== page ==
Not backcountry, not front-country, it’s sidecountry
Sugarloaf’s new development speaks to a new movement in skiing and riding
CARRABASSETT VALLEY, Maine – Last summer, when Sugarloaf unveiled its new development plans for a massive terrain expansion onto Burnt Mountain, one of the first questions officials were asked was “where are the lifts?’
For years, skiers and snowboarders have been confined in their adventures by the chairlift. A core community of backcountry riders have broken this mold over the years, but for the vast majority, skiing and snowboarding has been limited to lift-accessed areas only. Recently, however, more and more skiers have been exploring beyond the realm of lift-served terrain, utilizing advances in ski and binding technology to combine resort convenience with backcountry adventure.
This on-piste/off-piste hybrid has come to be know as “sidecountry,” and it is at the heart of Sugarloaf’s massive new 655 acre expansion.
“Sidecountry” or “slackcountry” is generally defined as backcountry terrain that is accessible via a ski resort’s lift system. Skiers and riders avoid hours of hiking or skinning by utilizing a chairlift, and then hike a shorter distance to bigger, unmanaged terrain outside of the resort boundary. This allows skiers to experience the thrill and solitude provided by backcountry skiing, without the requisite pre-dawn start time and exhausting multi-hour hike.
Skiers and riders have been dabbling with sidecountry skiing in increasing numbers during recent years, and evidence of this is easily visible in any ski or snowboard shop. Manufacturers have begun churning out new skis, boots, bindings, and snowboards, specifically designed for the sidecountry enthusiasts. Binding manufacturers are offering more and more models designed for alpine-touring, with a releasable heel that allows the user to skin uphill and then ski down with heel firmly in place. Ski boots are being designed with climbing modes, skis are made from lighter materials, poles are collapsible, and many snowboard manufacturers and now offering split boards.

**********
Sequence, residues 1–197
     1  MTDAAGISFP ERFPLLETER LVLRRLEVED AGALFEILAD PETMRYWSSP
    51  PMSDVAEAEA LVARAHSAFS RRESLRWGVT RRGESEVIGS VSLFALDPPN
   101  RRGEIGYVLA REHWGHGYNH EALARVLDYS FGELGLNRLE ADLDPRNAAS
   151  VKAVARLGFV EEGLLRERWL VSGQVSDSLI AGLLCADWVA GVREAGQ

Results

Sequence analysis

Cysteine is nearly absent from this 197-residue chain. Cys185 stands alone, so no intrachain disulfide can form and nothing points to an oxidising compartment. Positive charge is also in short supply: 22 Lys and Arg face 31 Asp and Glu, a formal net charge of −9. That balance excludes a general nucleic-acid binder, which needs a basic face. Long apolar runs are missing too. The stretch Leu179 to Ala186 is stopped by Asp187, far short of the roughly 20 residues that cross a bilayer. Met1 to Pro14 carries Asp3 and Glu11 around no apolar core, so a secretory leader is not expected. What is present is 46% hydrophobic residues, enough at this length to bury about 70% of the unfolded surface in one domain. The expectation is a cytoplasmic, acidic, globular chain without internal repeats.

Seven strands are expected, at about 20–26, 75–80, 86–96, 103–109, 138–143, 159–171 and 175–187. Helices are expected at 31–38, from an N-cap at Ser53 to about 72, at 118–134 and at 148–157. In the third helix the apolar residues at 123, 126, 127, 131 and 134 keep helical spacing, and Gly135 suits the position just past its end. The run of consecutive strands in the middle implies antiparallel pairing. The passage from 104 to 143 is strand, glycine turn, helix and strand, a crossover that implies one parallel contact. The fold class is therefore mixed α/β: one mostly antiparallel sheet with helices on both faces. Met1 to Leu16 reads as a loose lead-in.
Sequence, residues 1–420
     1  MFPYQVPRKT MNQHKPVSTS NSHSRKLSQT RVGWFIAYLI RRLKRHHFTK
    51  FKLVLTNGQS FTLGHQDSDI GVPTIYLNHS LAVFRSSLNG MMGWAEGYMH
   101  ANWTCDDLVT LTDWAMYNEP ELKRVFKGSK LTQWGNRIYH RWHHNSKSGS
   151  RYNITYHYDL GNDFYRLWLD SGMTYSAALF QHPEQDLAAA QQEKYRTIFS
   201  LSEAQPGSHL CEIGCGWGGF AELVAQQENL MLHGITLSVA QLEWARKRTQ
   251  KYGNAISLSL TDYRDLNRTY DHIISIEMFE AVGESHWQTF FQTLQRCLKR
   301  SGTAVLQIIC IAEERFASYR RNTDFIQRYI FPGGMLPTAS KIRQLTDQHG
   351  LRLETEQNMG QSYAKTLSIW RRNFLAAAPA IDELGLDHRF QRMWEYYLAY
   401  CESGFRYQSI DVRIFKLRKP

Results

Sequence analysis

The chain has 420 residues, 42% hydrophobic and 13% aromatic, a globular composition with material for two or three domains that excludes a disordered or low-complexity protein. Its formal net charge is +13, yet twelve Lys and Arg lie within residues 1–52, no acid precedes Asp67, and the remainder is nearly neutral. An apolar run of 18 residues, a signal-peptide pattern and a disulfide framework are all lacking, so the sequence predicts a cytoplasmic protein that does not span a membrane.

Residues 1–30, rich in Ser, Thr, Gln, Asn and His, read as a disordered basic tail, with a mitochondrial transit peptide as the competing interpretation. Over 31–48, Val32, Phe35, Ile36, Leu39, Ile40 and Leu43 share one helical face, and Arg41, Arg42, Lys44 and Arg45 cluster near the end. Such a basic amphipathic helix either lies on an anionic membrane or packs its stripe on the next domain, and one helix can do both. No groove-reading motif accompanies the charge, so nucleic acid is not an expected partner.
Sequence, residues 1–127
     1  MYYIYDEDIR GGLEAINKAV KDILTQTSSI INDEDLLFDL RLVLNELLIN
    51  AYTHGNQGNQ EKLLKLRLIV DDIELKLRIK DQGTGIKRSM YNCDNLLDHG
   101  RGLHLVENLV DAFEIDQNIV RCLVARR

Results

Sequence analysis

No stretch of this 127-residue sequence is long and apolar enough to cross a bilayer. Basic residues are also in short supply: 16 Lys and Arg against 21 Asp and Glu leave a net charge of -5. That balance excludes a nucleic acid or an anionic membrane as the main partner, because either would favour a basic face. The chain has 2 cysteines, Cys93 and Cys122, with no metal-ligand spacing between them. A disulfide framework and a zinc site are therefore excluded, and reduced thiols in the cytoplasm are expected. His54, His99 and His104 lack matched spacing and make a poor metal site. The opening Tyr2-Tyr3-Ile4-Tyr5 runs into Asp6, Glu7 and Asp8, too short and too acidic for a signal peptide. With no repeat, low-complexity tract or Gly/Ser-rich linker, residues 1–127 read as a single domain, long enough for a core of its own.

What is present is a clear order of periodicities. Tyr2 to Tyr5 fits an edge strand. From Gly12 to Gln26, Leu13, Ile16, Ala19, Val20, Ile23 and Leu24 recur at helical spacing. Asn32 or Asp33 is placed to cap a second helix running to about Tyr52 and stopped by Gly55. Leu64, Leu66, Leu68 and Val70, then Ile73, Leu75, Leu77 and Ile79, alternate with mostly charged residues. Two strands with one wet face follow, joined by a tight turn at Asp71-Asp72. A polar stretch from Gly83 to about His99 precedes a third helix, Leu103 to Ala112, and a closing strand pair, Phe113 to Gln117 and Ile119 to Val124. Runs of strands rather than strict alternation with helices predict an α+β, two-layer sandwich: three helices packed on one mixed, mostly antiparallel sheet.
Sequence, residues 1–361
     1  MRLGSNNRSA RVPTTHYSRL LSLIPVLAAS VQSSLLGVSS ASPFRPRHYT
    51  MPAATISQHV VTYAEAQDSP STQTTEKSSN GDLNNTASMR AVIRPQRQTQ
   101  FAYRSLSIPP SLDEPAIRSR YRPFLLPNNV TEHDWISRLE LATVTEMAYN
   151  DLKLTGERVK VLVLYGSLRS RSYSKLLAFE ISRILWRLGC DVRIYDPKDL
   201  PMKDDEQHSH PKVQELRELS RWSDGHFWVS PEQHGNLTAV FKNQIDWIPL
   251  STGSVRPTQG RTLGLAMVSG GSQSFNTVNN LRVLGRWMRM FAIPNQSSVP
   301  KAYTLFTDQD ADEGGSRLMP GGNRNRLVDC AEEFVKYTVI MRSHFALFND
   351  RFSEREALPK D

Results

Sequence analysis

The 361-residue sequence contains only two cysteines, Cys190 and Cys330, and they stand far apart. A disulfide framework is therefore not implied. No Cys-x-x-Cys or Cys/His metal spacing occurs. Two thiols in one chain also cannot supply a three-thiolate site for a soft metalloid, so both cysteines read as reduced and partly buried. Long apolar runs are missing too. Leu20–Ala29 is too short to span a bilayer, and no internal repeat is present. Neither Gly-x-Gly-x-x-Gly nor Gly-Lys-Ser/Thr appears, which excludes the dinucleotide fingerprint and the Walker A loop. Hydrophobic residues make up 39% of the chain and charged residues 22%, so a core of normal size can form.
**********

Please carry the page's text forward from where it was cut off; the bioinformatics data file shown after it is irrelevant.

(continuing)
Even the ski and snowboard movie industry has begun to capitalize on this new movement. In one of last year’s most celebrated new releases, snowboard superstar Jeremy Jones produce an entire film last year featuring exclusively terrain that was accessed with no motorized assistance.
Sugarloaf’s Burnt Mountain expansion represents the next step in the backcountry/sidecountry progression. Skiers and riders will access the new terrain by using the resort’s existing lift system, before traversing far across into the wild glades of Burnt Mountain. The development is one of the first in the East to incorporate such a vast swath of backcountry terrain into its boundary.
While traditional sidecountry requires leaving the resort boundary and the safety net it provides, the new Burnt Mountain terrain at Sugarloaf will be inbounds, and will be patrolled by the resort’s ski patrol department. The terrain will also be gladed and maintained by Sugarloaf staff, which will turn otherwise un-skiable terrain into some of the East’s finest glades, and maximize the skiable terrain on the new peak.
Skiers and riders who may have been attracted by the adventure of the backcountry, but weren’t quite ready to tackle the vast wilderness by themselves will find an option in Burnt Mountain that lies perfectly in the middle: sidecountry.
For more discussion on sidecountry terrain, visit the Sugarloaf 2020 blog at http://sugarloaf2020.tumblr.com.